(Back-translation: remain paralyzed )
Blind flying -> volare senza visibilit
(Back-translation: flight without visibility )
means -> result, or viceversa
Ill drive you home -> Ti accompagno a casa in auto
(Back-translation: Ill take you to your house in [my] car)
substance -> object
Brain drain -> Fuga di cervelli (double modulation)
(Back-translation: the exodus of experts)
A part -> the whole
The cathedrals ceiling draws the eye as soon as one
enters.
(Back-translation: The cathedrals ceiling draws the
view .)
A part -> another part
I know the city like the back of my hand . Conosco la
citt come le mie tasche (Back-translation: I know the
city like the palm of my hand.)
Hand to hand combat-> Combattere corpo a corpo;
(Back-translation: body to body combat.)
Term reversal

This cage cannot hold an animal this size. -> Questa


gabbia non mantiene animali did questa grandezza
(Back-translation: An animal this size will not fit in this
cage.)
Negative contrast
Make sure you call us every week. -> Non dimenticatre
did chiamare ogni settimana (Back-translation: Dont
forget to call us all of the weeks.)
Active voice -> passive voice (and vice-versa)
The votes (in an election) were counted . -> I voti sono
stati conteggiati (impersonal form)
Space -> Time
In grammar school I was very shy. -> (Back-translation:
When I was attending elementary school.)
Intervals and boundaries (in time and space)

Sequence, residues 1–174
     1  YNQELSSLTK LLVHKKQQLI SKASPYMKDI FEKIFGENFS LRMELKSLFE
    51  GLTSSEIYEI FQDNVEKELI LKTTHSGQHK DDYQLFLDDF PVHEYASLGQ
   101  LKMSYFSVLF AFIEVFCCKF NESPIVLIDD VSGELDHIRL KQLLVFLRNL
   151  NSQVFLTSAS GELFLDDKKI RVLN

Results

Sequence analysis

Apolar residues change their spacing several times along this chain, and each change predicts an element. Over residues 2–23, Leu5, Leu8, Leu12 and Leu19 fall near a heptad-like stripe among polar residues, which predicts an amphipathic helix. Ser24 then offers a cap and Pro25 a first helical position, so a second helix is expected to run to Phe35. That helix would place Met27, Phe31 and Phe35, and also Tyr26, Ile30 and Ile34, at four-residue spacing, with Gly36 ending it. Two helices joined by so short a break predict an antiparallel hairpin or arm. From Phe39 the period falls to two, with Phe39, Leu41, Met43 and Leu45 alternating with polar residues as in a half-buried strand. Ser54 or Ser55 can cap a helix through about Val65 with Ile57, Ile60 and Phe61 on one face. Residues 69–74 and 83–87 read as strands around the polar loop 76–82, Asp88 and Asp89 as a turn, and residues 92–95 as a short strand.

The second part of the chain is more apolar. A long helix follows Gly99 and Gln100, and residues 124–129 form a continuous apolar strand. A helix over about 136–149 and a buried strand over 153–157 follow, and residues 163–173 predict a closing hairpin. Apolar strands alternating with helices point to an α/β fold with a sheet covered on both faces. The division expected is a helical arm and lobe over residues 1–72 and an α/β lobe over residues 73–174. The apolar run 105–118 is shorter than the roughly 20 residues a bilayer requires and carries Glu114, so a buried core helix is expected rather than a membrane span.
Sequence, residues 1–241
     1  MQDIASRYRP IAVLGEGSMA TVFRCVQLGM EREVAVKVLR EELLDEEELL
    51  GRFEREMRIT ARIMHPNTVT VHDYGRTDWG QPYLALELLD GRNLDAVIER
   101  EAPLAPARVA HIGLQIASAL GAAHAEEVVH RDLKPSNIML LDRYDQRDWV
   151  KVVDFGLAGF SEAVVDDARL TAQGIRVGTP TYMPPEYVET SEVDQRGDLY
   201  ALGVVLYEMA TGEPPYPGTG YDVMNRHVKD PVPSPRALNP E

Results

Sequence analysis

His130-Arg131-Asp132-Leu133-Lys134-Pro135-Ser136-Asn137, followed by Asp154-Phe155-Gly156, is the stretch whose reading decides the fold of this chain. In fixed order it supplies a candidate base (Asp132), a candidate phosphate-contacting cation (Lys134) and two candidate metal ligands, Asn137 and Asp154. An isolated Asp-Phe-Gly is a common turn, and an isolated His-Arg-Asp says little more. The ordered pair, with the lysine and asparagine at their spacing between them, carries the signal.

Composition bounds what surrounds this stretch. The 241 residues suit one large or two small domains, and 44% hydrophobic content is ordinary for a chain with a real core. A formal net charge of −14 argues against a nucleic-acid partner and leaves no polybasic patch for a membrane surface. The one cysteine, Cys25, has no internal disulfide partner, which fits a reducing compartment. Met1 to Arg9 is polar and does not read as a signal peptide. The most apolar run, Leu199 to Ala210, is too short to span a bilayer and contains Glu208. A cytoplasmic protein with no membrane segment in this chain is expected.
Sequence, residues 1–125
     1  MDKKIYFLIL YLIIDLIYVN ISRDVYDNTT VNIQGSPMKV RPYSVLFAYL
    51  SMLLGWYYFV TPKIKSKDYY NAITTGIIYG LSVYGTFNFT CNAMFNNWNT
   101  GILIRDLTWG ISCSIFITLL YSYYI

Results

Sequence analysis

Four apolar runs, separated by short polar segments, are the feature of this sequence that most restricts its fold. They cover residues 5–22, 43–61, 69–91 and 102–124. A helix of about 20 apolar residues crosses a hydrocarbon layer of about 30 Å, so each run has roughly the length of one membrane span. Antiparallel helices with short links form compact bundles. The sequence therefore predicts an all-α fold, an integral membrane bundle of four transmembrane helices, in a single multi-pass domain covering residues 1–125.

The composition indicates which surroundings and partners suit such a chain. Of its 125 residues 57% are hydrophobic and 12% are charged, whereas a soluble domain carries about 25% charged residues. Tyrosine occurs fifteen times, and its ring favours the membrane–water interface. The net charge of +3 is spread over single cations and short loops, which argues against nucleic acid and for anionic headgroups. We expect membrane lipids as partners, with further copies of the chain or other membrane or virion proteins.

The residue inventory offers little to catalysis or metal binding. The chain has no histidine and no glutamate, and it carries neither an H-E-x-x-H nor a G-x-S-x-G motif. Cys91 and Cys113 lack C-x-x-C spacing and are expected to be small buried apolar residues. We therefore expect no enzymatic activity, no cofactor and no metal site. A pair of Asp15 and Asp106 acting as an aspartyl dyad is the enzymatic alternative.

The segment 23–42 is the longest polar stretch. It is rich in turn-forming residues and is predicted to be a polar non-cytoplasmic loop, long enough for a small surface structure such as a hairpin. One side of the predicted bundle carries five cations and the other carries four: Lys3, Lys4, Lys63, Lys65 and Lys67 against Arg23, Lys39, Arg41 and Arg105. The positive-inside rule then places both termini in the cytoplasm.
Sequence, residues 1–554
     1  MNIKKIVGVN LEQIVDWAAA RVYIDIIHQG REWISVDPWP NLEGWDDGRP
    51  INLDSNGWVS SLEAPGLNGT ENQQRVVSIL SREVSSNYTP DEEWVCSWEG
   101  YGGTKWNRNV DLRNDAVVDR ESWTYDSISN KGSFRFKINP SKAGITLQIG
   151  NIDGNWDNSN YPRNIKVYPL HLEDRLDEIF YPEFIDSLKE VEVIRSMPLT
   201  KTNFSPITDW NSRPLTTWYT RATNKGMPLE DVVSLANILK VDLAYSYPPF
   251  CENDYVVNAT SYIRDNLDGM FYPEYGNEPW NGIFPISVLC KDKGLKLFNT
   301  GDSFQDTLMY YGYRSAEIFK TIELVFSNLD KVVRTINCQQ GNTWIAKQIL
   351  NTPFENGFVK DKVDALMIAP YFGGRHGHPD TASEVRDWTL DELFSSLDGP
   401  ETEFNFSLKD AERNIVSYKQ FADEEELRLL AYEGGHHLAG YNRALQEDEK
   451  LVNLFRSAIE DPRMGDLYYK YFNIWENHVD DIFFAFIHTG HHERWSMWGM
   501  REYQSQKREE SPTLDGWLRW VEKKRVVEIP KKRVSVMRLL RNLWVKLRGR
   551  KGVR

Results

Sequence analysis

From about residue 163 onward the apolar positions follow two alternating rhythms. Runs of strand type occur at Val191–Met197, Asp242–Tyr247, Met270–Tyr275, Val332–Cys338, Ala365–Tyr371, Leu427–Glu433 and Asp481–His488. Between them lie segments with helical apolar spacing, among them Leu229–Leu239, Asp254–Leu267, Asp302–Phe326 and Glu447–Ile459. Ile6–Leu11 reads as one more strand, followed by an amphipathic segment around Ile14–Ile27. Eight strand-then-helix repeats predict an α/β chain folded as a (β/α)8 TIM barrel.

A. In time: See you in a week -> (Back-translation:
Well see each other in eight days from today.)
B. In space: No parking between signs ->
(Back-translation: Limit of parking.)
Change of symbol
He earns an honest dollar. (Back-translation: He earns
an honest living.)
Sensory modulation
A heavy coat -> una giacca pesante
(Back-translation: A thick coat)
A goldfish -> un pesce rosso
(Back translation: a little red fish)
In short, modulation is the technique that leads to a solution that makes
the reader - or the translator exclaim, Yes, thats exactly what you
would say.

6. Equivalence
Used to render expressions using different stylistic and structural
methods.
Most equivalences are fixed, and include idioms, clichs, proverbs,
nominal or adjectival phrases, onomatopoeia, etc.
Stop splitting hairs -> Non guardare il pelo nelluovo (Backtranslation: Stop looking for five legs in a cat)

Challenge: To recognize that the expression to be translated is an


idiom / proverb; to know the equivalent expression in the T.L.
Equivalence also refers to fixed (lexicalized) terms, such as
terminology of a field of knowledge.

7. Adaptation
Used when the limit to translation is been reached, i.e. when a
simple translation would not work or it would produce a result that
is shocking in the target language and culture.
Titles of books, movies, and characters often fit into this category
Butch Cassidy and the Sundance Kid -> (Back-translation: Two